TEHRAN (Reuters) - Iranian women who suffer injury or death in a car accident will be entitled to the same insurance company compensation as men under legislation passed by parliament, the judiciary said on Tuesday.
Rights activists say women face discrimination in the Islamic state. For example, compensation for the loss of a woman’s life, “blood money”, is half that paid for a man under Iran’s Sharia law imposed since the 1979 Islamic revolution.
This rule, which applies to physical injury as well, has also governed payments from insurance companies even though both sexes pay equal premiums.
But judiciary spokesman Alireza Jamshidi said the legislature had recently voted in favor of a proposed change, even though it must also be approved by a powerful constitutional watchdog controlled by conservative clerics.
“Henceforth the payment of blood money and damage compensation will be equal in regard to women and men,” Jamshidi told a weekly news conference.
He made clear the new law would only apply to insurance claims for people involved in traffic accidents and not to compensation in other areas, for example in murder cases.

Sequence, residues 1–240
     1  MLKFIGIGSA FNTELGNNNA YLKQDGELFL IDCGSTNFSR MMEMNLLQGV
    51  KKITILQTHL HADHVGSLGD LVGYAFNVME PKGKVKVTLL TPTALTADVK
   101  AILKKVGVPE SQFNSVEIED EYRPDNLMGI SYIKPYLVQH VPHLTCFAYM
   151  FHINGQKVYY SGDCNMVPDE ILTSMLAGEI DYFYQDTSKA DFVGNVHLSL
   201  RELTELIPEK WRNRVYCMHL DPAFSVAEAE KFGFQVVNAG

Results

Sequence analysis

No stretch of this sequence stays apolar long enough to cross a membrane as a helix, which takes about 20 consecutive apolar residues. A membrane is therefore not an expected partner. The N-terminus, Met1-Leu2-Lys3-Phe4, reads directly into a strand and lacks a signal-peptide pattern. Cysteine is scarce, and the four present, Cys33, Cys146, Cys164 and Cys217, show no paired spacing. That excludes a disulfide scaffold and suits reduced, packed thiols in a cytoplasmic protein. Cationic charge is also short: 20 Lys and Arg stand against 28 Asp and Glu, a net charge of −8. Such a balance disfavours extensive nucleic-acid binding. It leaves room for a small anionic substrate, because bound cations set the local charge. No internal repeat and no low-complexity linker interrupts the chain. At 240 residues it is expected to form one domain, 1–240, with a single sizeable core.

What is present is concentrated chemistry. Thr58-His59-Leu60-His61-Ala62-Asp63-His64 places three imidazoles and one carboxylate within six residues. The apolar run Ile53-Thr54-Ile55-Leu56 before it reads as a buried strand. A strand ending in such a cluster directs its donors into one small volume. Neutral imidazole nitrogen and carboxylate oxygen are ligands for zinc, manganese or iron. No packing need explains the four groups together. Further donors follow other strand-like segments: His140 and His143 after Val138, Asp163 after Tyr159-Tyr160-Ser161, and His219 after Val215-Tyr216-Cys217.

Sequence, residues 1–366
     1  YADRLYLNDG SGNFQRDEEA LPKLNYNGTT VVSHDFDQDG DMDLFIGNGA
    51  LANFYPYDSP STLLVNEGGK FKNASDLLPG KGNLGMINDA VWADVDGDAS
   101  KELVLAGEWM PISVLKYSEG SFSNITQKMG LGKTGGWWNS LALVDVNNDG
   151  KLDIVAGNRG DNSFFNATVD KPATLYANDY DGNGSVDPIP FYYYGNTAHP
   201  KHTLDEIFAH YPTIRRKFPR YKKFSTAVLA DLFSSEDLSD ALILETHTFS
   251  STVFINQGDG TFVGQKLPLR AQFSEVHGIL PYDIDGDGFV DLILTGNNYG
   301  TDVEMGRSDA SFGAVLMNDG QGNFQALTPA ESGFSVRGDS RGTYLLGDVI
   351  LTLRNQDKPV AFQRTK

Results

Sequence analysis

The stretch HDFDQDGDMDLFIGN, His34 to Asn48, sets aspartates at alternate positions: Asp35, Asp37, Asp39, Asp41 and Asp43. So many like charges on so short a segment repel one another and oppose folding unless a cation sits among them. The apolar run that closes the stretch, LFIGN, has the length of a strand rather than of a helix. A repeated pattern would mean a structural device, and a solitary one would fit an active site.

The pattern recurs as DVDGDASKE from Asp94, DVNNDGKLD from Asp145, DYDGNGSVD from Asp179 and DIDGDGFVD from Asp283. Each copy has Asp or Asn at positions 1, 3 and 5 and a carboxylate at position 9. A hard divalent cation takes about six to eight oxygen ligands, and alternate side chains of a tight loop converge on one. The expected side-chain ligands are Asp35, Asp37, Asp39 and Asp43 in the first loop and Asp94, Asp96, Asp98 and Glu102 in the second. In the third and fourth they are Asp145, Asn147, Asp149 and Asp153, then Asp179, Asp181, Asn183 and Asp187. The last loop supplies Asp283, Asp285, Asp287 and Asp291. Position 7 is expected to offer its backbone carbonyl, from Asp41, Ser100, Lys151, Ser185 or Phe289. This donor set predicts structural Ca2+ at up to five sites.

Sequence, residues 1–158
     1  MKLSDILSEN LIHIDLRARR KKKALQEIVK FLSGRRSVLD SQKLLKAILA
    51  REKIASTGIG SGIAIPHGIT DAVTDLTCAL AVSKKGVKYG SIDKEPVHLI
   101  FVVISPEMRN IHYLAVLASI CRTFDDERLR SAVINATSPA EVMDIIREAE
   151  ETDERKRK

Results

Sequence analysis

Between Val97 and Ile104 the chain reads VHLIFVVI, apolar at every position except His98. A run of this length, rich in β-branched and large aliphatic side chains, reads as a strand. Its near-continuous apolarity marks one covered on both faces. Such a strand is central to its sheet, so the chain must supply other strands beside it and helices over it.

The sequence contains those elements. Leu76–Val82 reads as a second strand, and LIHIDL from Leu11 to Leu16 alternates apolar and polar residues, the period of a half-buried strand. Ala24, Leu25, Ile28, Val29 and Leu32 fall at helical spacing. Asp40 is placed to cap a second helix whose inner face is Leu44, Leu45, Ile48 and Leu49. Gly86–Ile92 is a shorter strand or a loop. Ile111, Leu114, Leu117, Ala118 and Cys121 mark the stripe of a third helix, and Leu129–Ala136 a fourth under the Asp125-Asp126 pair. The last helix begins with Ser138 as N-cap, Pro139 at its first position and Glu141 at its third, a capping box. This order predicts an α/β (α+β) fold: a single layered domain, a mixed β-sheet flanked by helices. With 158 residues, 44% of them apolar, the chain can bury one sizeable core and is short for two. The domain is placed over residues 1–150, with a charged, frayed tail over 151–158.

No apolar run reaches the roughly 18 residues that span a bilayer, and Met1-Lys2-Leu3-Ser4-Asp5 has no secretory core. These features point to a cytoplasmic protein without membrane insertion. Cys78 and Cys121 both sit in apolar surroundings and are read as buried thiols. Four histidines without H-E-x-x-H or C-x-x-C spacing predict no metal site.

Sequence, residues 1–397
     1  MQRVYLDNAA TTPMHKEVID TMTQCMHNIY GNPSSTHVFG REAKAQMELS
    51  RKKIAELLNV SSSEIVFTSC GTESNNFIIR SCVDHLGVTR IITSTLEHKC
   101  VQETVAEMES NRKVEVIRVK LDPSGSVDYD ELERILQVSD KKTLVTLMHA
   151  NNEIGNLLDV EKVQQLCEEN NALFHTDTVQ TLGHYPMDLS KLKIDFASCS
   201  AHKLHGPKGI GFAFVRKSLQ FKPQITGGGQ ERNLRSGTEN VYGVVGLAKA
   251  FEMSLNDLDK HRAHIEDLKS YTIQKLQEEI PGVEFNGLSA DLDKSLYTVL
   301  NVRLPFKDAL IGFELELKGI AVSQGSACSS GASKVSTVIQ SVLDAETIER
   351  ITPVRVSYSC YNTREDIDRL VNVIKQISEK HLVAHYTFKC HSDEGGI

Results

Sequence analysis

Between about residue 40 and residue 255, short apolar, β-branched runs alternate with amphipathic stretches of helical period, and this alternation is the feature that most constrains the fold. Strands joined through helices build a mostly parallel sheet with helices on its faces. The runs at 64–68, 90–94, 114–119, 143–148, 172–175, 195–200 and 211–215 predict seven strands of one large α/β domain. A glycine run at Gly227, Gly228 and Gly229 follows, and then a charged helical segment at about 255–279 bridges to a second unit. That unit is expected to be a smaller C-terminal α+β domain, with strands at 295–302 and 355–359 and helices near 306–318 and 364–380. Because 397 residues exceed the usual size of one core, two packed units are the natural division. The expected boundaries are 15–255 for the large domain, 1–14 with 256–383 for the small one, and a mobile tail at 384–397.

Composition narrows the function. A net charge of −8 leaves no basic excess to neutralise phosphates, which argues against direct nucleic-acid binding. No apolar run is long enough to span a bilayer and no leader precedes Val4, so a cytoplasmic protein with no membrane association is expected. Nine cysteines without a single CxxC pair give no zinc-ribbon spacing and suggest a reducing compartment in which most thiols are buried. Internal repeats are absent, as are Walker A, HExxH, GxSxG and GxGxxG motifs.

Since a person’s agreement with an insurance company has “contractual basis and both sexes pay equal premiums, the compensation should also be equal and the law is not in contravention of the Sharia”, Jamshidi said.
Women are legally entitled to hold most jobs, but the Islamic state remains dominated by men.
Iranian women’s rights activists say they also face institutionalized discrimination in other areas of life, including divorce, inheritance and child custody.
Iranian officials reject allegations of discrimination against women. Clerics say women in Iran are protected from the sex-symbol status they have in the West and insist the Islamic Republic is implementing God’s divine law.
Reporting by Hashem Kalantari; Editing by David Fogarty
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